Habitat Nantucket is helping local families move into their own homes.
In January of 2016, Liam Sherry and Sophia Orr won the lottery — the housing lottery that is. Like many year-rounders, the young couple felt the crushing weight of the island’s housing crisis bearing down on them. It’s an all-too-familiar story: Young couple works multiple jobs to make ends meet. They sign a lease on a poorly maintained rental unit that they can barely afford, yet consider themselves lucky to have found. But then after a couple of years, the septic system fails and they get evicted right before Christmas. With no viable alternatives, Liam and Sophia were forced to move into the spare room at Liam’s mother’s house, an option they also considered themselves fortunate to have. They searched with desperation for another rental but weren’t able to find one.
In the spring of 2015, a chance meeting with a family friend who was dining at Center Street Bistro, where Sophia waits tables as a side job, led to her and Liam applying for the Sachem’s Path and Habitat for Humanity affordable housing lotteries. It was almost on a lark, as neither of them really thought they’d be seriously considered.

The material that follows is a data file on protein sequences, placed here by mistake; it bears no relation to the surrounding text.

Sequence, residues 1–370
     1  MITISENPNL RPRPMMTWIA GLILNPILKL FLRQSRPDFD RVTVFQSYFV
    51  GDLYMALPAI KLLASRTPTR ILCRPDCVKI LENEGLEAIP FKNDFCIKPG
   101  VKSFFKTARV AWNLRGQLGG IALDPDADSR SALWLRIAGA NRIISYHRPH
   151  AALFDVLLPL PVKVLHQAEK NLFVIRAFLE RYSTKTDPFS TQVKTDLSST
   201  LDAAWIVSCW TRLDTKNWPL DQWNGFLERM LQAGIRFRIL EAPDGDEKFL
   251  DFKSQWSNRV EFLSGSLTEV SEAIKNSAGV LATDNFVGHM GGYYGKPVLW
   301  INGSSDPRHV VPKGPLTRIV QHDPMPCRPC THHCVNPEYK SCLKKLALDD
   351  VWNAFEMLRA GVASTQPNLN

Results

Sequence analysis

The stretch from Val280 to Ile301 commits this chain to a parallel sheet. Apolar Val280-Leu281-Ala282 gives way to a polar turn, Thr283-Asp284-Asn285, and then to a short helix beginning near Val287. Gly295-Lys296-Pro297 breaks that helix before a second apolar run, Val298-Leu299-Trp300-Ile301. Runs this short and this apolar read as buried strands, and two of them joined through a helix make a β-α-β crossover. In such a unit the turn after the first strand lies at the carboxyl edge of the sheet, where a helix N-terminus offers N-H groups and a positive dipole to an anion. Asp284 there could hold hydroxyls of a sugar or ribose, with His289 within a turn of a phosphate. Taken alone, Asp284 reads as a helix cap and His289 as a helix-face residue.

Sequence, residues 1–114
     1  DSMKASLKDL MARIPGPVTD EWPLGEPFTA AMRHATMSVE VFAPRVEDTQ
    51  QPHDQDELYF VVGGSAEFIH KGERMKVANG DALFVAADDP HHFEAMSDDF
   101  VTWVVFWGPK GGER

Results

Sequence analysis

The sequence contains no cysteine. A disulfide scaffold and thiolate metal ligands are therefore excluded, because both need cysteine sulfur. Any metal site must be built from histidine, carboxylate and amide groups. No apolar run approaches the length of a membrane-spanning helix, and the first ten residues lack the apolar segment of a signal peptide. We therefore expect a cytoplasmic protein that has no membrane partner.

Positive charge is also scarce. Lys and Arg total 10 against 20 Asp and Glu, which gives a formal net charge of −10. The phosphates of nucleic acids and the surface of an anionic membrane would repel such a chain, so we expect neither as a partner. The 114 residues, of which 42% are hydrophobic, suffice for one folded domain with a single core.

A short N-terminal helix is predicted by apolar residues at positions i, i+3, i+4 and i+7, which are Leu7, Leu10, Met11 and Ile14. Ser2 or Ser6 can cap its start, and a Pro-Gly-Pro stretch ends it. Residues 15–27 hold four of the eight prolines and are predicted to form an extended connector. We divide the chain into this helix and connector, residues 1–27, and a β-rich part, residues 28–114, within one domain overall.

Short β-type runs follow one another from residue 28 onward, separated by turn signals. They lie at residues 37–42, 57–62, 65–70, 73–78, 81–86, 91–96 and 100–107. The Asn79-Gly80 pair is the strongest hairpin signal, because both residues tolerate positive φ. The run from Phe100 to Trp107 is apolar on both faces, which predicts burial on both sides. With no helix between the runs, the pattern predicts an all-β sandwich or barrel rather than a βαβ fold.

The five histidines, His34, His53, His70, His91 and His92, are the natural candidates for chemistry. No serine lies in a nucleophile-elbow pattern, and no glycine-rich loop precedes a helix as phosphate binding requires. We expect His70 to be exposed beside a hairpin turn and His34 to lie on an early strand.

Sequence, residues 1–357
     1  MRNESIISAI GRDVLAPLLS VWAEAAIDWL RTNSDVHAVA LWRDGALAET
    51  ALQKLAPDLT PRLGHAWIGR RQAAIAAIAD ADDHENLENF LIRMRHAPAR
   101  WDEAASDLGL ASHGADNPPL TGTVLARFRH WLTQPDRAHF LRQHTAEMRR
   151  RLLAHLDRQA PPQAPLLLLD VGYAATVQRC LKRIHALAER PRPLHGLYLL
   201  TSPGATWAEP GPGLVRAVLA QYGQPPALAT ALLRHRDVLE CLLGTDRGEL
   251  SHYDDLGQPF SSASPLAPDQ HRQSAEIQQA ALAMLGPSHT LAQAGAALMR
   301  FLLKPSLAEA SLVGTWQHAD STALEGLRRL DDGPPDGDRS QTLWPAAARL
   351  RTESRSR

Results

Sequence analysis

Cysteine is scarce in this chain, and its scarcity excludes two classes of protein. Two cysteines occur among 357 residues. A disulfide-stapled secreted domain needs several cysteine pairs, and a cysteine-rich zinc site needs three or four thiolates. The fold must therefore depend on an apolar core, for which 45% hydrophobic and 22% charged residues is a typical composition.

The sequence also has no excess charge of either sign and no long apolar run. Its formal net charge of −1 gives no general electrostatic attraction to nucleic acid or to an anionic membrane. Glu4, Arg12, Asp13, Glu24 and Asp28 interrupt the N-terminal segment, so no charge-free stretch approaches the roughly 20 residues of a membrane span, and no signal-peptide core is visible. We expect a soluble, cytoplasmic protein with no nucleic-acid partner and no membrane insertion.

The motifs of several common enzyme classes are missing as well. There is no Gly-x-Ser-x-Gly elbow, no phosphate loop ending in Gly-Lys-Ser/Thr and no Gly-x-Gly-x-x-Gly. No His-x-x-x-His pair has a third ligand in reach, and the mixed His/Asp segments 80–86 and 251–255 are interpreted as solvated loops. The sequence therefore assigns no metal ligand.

Sophia and Liam’s new home is the first Habitat house to be built in Sachem’s Path, one of the island’s most recent affordable housing projects created by the Nantucket Housing Authority (NHA). “With Sachem’s Path, we wanted to mix things up a bit,” says NHA executive director Renee Ceely, underscoring that over the years her organization had been doing a lot for rentals but wanted to do something more for home ownership. It took six years to get the legislation passed to be able to do a mixed income home-ownership development. As a result, Sachem’s Path now accommodates a broad spectrum of income groups. When complete, it will feature forty owner-occupied houses, including three that are being built by Habitat Nantucket.
Founded in 2001, Habitat Nantucket is a local affiliate of the international Habitat for Humanity organization, which brings professional trades- people and community volunteers together to build homes for people in need. The organization serves residents who make up to 80 percent of the area’s local area median income, and it relies on support from the community in the form of donations of funds, materials, services and land.
“It all starts with the land,” says Richard Hussey, Habitat Nantucket’s vice president. “Land is like gold out here.” Not surprisingly, acquiring land is also the organization’s biggest challenge. Prior to Sachem’s Path, they were negotiating with the town for land. “Now, we’ve got three to four years of work planned out ahead of us, which is a very good position for the organization to be in,” says Joe Grause, the former treasurer and soon-to-be president of Habitat Nantucket.
After acquiring the land, the next step is to fundraise to cover construction costs. Over the last fifteen years, 90 percent of these funds have come from the Community Preservation Committee (CPC). “We are not the biggest entity that they support,” says Grause. “But the CPC has been very good to us.” The town and local tradespeople have also been tremendously supportive, he notes.